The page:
This summer is all fun. After the forced break, here I am, counting the hours spent on the laptop or reading. An eye condition forbids me to spend more than 3 hours a day looking at a screen or focusing on a page, which means once I’m done with my studying, there isn’t much time left to blog or dive into a book. I’ve started writing reviews on paper, and boy is this hard! My hand is so lazy I need a decoding expert to understand what I’ve jotted down…
∧ Then ∧ Lawyers Gone Bad, Vincent L. Scarsella
“Lawyers Gone Bad,” is the story of beleaguered attorney disciplinary counsel, Dean Alessi, and his trusty investigator, Stu Foley, in their fight against lawyers gone bad – that is, lawyers who commit ethical and criminal wrongs. In this case they’re investigation the local District Attorney who may have committed the ultimate ethical wrong – murder.
Novelist Vincent Scarsella draws on his over 18 years of real life experience as head of the Eighth Judicial District Grievance Committee in Buffalo, New York to craft a gripping, suspenseful novel about lawyers gone bad.
But the story is more than a crime novel. It concerns friendship, loss, unrequited love, and ultimately, justice. It seeks to answer the question, does what goes around, come around?
I need to stop choosing books with an obvious connection to lawyers. I am disappointed every time. I’m sure publishers are aware of the fascination some of us have for the law and its officers, and they’re using it against us.
≈ Now ≈ Furiously Happy, Jenny Lawson
In her new book, FURIOUSLY HAPPY, Jenny explores her lifelong battle with mental illness. A hysterical, ridiculous book about crippling depression and anxiety? That sounds like a terrible idea. And terrible ideas are what Jenny does best.
According to Jenny: “Some people might think that being ‘furiously happy’ is just an excuse to be stupid and irresponsible and invite a herd of kangaroos over to your house without telling your husband first because you suspect he would say no since he’s never particularly liked kangaroos. And that would be ridiculous because no one would invite a herd of kangaroos into their house. Two is the limit. I speak from personal experience. My husband says that none is the new limit. I say he should have been clearer about that before I rented all those kangaroos.”
“Most of my favorite people are dangerously fucked-up but you’d never guess because we’ve learned to bare it so honestly that it becomes the new normal. Like John Hughes wrote in The Breakfast Club, ‘We’re all pretty bizarre. Some of us are just better at hiding it.’ Except go back and cross out the word ‘hiding.’”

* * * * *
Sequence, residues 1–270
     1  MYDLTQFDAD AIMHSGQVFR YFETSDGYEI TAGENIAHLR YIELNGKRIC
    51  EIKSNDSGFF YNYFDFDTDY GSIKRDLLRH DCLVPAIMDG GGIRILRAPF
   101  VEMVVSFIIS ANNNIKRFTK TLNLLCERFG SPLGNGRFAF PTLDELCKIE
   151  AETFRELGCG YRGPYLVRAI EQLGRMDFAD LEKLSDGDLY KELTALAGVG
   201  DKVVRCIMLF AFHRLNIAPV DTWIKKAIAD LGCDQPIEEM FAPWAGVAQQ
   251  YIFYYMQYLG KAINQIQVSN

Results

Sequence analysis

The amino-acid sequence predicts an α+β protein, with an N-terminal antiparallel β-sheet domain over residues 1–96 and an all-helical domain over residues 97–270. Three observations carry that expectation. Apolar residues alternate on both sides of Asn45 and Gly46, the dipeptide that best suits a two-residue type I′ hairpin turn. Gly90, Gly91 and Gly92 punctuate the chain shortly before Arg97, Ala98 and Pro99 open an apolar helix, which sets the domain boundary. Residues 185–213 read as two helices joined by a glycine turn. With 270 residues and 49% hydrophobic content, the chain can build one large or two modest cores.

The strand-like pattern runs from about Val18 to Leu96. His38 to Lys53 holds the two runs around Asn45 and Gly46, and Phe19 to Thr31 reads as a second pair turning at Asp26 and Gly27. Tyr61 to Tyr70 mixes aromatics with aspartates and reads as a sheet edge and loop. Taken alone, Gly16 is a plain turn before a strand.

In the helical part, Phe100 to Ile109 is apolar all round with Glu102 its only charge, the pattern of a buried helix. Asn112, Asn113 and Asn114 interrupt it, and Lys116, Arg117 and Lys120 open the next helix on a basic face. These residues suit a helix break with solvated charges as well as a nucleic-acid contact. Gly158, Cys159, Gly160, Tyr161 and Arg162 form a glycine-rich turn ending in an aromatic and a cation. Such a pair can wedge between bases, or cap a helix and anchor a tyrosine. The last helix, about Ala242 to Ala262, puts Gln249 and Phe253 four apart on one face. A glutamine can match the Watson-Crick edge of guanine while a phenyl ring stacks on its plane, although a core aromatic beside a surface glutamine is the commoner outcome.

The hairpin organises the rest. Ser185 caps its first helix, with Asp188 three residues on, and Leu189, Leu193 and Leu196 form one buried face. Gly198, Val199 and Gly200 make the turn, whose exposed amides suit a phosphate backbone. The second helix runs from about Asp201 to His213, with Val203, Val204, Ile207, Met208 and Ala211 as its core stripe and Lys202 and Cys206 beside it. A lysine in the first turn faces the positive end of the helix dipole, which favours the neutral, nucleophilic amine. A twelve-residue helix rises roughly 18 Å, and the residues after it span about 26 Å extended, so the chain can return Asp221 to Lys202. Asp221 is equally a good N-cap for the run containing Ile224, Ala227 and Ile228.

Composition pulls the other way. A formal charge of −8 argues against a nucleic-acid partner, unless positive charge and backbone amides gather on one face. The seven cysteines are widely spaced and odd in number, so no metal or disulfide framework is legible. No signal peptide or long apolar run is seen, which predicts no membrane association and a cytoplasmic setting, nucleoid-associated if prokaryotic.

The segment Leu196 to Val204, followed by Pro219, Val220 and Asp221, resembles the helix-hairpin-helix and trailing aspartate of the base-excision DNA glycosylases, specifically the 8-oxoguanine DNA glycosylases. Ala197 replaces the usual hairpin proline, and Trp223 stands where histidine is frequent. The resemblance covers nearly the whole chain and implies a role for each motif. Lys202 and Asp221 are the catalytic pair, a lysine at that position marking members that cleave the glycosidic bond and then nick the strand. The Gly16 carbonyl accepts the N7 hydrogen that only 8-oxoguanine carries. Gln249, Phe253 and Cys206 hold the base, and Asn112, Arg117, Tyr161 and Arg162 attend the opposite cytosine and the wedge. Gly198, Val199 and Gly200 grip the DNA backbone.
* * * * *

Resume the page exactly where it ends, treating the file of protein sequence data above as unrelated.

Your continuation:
Jenny’s first book, LET’S PRETEND THIS NEVER HAPPENED, was ostensibly about family, but deep down it was about celebrating your own weirdness. FURIOUSLY HAPPY is a book about mental illness, but under the surface it’s about embracing joy in fantastic and outrageous ways-and who doesn’t need a bit more of that?
I love this book so much that I don’t want it to end, hence I’m taking my time to savor it (this and I can’t read a lot during the day). It is refreshing to see mental illness discussed by someone who genuinely lives and struggles with it. Jenny has such a strong sense of humor and she wears it like an armor against the always-returning bad days. And I’m in love with Rory the dead raccoon.
∨ Next ∨ If You Were Here, Alafair Burke
Magazine journalist McKenna Wright is chasing the latest urban folktale-the story of an unidentified woman who heroically pulled a teenaged boy from the subway tracks, seconds before an oncoming train. When McKenna locates a short video snippet that purportedly captures part of the incident, she thinks she has an edge on the competition scrambling to identify the mystery heroine.
She is shocked to discover that the woman in the video bears a strong resemblance to Susan Hauptmann, a close friend who disappeared without a trace a decade earlier. Investigating her disappearance, the NYPD concluded that the nomadic Susan-forced by her father into an early military life, floundering as an adult for a fixed identity-simply left town to start over again somewhere else.
But McKenna has always believed the truth went deeper than the police investigation ever reached, and sees Susan’s resurfacing as a sign that she wants to be found. Yet when she shares the image with her husband, Patrick, who was Susan’s classmate at West Point, he isn’t convinced.
What would have been a short-lived metro story sends McKenna on a dangerous search for the missing woman, a twisting journey through New York City that will force her to unearth long-buried truths much closer to home-to her own husband, who seems to know much more about Susan than McKenna could have ever imagined…
This will be my second book by Alafair Burke. I really enjoyed The Ex, so I’m hoping this one will be just as good.
Have you read any of these books? What is on your list this week?
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